The article “Becoming dis-human: thinking about the human through disability” by Daniel Goodley and Katherine Runswick-Cole addresses one huge issue when it comes to “disability” the word itself is very problematic. They address this issue through four considerations. These considerations being: “(1) dis/autonomy, voice and evacuating the human individual; (2) dis/independence, assemblage and collective humanness; (3) dis/ability politics, self-advocacy and repositioning the human; and (4) dis/family: desiring the normal, embracing the non-normative.”. I thought about a lot while reading this article and I kept in mind the prompt question “what would it mean for you to engage in this kind of “troubling” norms?”. Unfortunately, I do engage in these norms every day. I say the word disability whenever describing someone who is differently abled from the norm. This means that I take part in these troubling norms every day. Of course, I would never think that people with “disabilities” are less human than I am. I don’t think anyone who uses the term believes that, but it is in the language. We have seen over and over again how important language can be. The way we word things can affect perspectives, opinions, and it can imply things even unintentionally. The prefix “dis” is often associated with being “anti” or “not” so by saying “disabled” is basically saying “not able” which cannot be further from the truth. Many people who are classified as “disabled” are just as able as the average person.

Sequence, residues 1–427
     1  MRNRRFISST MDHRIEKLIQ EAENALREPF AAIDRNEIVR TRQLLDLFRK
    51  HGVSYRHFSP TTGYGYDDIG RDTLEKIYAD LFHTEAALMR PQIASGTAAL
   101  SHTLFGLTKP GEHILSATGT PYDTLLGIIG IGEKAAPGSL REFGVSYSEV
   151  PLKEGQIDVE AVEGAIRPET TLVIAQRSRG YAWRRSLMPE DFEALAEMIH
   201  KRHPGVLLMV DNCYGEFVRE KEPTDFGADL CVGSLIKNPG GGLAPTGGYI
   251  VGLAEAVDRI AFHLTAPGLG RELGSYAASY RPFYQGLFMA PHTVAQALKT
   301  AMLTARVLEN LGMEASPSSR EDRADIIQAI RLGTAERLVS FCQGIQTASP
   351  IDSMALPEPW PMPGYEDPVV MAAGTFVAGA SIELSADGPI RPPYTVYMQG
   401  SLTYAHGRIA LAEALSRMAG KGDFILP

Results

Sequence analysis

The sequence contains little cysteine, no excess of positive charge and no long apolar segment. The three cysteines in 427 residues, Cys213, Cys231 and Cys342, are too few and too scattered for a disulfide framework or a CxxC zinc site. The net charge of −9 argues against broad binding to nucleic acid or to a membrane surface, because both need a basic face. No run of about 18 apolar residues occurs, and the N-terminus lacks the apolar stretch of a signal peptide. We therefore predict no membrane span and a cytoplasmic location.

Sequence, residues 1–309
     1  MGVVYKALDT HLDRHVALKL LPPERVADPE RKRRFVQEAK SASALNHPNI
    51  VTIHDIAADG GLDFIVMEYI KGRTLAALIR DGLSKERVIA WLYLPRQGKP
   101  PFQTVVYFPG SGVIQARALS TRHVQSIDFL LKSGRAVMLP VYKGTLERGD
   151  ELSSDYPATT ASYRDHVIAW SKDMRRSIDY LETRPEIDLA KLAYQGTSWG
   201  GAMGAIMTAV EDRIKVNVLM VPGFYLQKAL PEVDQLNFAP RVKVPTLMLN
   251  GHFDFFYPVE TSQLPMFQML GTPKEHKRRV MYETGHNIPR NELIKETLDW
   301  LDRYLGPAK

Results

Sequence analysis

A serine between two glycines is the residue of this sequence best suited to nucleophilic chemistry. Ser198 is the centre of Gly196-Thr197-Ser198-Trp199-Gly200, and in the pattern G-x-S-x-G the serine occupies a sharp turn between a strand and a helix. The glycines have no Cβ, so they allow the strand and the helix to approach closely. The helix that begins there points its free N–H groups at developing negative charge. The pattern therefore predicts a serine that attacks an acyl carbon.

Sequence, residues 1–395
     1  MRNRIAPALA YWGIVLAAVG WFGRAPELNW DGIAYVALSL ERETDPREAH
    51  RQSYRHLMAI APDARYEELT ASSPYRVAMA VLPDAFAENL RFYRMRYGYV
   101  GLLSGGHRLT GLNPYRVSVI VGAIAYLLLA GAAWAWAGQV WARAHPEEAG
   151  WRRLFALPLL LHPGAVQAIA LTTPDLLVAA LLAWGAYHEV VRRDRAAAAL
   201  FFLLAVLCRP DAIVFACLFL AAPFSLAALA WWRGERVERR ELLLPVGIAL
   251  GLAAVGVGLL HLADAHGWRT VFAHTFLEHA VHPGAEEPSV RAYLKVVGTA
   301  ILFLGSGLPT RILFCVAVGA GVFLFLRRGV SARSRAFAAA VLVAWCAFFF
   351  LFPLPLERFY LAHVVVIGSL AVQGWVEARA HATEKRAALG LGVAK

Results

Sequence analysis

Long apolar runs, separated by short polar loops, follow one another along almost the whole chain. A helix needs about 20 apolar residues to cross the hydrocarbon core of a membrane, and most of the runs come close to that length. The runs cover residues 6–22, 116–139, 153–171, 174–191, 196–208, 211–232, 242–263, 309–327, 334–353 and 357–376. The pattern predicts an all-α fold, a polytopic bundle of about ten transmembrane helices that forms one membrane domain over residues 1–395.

Of course, all of this got me thinking about what would be a better alternative to the word “disability”, and I honestly could not think of one. I thought perhaps “differently abled” would be less offensive but then I realized that it’s still implying that they are different than others. Plus, being “different” has been known to put a target on someones back for harassment or bullying. I brainstormed for a few more minutes and decided that it’s best not to label people at all. We have seen from our history that labels have never resulted in anything good, all labels are discriminatory. So it’s important not to take part in any of these narratives.

From this perspective, my view of “disability” is completely altered. I had never really considered how the word disability might make others feel. Saying a person is “disabled” is labelling a person and telling them that they are less able than everyone else. When I see the words disability as a way of calling someone dis/human it is really upsetting. I now see it as a way to discriminate against others. I don’t believe that the word disability is meant to be derogatory, I think it was meant as a way to identify whether or not someone could require extra help, for example handicapped parking spaces. Handicapped parking spaces are not called handicapped for the purpose of being offensive they are just meant to help out those who might need it. That being said it doesn’t mean that it is okay to label people. Moving forward I think that I have to be very careful with the way I word things because even if they aren’t intentionally offensive they can still imply something durogatory. I also encourage everyone else to make sure that they are not doing the same thing.